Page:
In the past couple of years, paid search marketers have lost a lot of manual control as Google continues to roll out more automation capabilities. That can be uncomfortable, but marketers need to embrace automation and machine learning while identifying which levers are still useful (and accessible).
Whether you’re looking to increase return on ad spend, generate more leads, or improve conversion rate, there are specific options in paid search you should consider and some that can actually negatively impact your results.
So how do you figure out what’s still available in the traditional PPC toolset and what can actually help boost performance?
Giving up control to improve paid search performance
Marketers tend to have a lot of anxiety around giving up control to automation, resulting in a bit of a man vs. machine complex. But giving up control can lead to better results, and that should remain the priority, even when it’s uncomfortable.
Marketers can make critical mistakes when they lose sight of that purpose. We’ve seen clients who want to maintain some of the manual targeting capabilities of the past give in to the temptation of campaign hypersegmentation by audience, geo, match type, or some combination. In the short term, it might feel like you’re retaining control, but the actual result is blocking machine learning capabilities from effectively shifting spend the way they’re designed to… in order to drive better performance.
Essentially, you end up cutting off your nose to spite your face, to use an old chestnut.
If you want to leverage segmentation for reporting, you can do that without going overboard segmenting a campaign in the optimization stage and likely damaging performance potential. Segmentation in the name of data visualization is critical for generating new insights and future iterations, but it’s not an excuse to negatively impact automated campaign optimization.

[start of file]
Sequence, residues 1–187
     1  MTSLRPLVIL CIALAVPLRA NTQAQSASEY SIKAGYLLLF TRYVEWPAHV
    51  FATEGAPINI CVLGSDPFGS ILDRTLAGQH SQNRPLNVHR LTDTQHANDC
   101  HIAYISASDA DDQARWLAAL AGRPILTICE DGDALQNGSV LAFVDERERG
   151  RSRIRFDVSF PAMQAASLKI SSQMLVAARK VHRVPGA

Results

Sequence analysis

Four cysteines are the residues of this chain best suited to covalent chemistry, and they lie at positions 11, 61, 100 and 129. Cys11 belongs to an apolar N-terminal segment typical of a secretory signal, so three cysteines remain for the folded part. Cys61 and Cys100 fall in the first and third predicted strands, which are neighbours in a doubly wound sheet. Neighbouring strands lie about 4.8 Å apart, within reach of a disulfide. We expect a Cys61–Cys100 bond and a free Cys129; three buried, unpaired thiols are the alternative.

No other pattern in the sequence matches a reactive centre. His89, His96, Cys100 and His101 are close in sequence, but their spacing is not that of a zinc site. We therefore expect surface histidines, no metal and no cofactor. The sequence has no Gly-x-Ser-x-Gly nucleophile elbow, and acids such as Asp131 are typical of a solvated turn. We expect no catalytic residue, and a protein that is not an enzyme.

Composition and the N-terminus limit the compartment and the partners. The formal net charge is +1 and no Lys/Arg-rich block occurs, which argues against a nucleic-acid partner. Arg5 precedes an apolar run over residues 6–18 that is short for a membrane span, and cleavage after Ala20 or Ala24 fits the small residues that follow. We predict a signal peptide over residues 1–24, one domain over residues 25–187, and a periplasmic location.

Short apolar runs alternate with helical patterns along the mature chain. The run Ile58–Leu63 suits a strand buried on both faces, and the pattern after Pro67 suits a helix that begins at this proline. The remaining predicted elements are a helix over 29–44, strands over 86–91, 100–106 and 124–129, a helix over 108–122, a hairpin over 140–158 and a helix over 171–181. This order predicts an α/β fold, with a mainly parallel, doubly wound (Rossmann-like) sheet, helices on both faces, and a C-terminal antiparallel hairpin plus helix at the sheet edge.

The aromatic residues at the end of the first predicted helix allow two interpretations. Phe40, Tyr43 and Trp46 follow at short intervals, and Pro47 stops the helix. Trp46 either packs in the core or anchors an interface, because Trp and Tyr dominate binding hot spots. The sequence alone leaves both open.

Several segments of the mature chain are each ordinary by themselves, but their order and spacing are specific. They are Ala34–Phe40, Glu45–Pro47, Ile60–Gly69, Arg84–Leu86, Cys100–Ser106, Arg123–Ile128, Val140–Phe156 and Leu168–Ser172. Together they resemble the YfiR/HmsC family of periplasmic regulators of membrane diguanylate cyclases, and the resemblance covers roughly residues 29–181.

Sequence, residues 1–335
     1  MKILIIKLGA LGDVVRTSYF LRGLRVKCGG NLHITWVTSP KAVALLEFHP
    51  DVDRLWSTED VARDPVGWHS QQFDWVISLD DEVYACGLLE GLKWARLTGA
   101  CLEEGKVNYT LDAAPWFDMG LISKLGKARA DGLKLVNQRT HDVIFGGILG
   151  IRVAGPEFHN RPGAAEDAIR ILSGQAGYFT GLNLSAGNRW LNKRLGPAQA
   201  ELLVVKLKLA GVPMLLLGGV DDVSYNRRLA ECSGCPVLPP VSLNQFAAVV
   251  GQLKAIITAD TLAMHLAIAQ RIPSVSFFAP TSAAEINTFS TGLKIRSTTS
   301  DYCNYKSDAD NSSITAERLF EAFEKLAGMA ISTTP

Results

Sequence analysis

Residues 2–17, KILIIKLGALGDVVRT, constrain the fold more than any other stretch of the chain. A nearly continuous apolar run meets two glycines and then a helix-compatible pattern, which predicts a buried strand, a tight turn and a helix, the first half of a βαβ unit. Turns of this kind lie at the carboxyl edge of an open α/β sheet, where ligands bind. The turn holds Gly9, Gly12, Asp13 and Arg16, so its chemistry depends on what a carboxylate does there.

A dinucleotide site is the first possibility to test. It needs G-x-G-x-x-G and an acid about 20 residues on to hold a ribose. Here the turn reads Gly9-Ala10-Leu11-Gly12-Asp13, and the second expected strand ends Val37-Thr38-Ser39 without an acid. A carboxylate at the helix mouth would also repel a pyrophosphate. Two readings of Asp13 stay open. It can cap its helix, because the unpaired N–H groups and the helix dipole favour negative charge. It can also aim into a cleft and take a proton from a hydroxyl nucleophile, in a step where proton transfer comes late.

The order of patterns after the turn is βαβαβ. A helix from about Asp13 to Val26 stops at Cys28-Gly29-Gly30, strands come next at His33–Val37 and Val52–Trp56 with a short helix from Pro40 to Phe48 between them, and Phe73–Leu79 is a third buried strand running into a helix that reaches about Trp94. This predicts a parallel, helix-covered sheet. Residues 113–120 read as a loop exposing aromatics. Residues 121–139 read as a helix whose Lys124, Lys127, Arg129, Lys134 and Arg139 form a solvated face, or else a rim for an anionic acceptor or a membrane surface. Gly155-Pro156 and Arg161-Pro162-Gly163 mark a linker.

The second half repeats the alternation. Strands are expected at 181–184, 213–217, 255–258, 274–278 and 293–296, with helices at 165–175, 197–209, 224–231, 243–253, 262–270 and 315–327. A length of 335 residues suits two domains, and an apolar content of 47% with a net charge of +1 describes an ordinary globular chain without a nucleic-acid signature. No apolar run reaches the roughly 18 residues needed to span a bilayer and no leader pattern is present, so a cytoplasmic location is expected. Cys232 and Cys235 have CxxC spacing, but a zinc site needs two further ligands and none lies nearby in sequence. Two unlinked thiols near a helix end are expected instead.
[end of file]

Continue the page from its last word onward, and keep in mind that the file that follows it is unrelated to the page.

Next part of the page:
Looking into the future, Google’s Performance Max Campaigns (PMax) will render certain optimization methods obsolete.
In a PMax world, you should spend more time strategizing about what you’re putting into the machine instead of looking for optimization levers you can directly control.
Instead of considering this a net loss, you should think about these changes as a shift in what tools you can utilize to improve performance. You’ll have more opportunities and time to spend figuring out how those inputs and other factors affect campaign effectiveness and efficiency and lean into automation.
But there are still some ways marketers can take direct action to improve performance now.
Paid search strategy: Performance levers to pull today and in the future
The good news is that there are some levers that will remain viable for the foreseeable future.
Content Assets: While Google uses machine learning to make recommendations about new ad copy, it still requires human input. Spend time reviewing your content to make sure it’s relevant, up-to-date, and aligned with current target search terms. You should use learnings from previous campaigns to refresh your content continuously; at the very least, review your key assets every quarter. Content is one of the most important components of campaign performance, and PPC marketers have a history of focusing more on campaign optimization, bidding, and other levers. But your content is your own (and likely to remain under your control), and the rise of automation is an excellent opportunity to make sure you’re devoting sufficient time and effort to getting it right.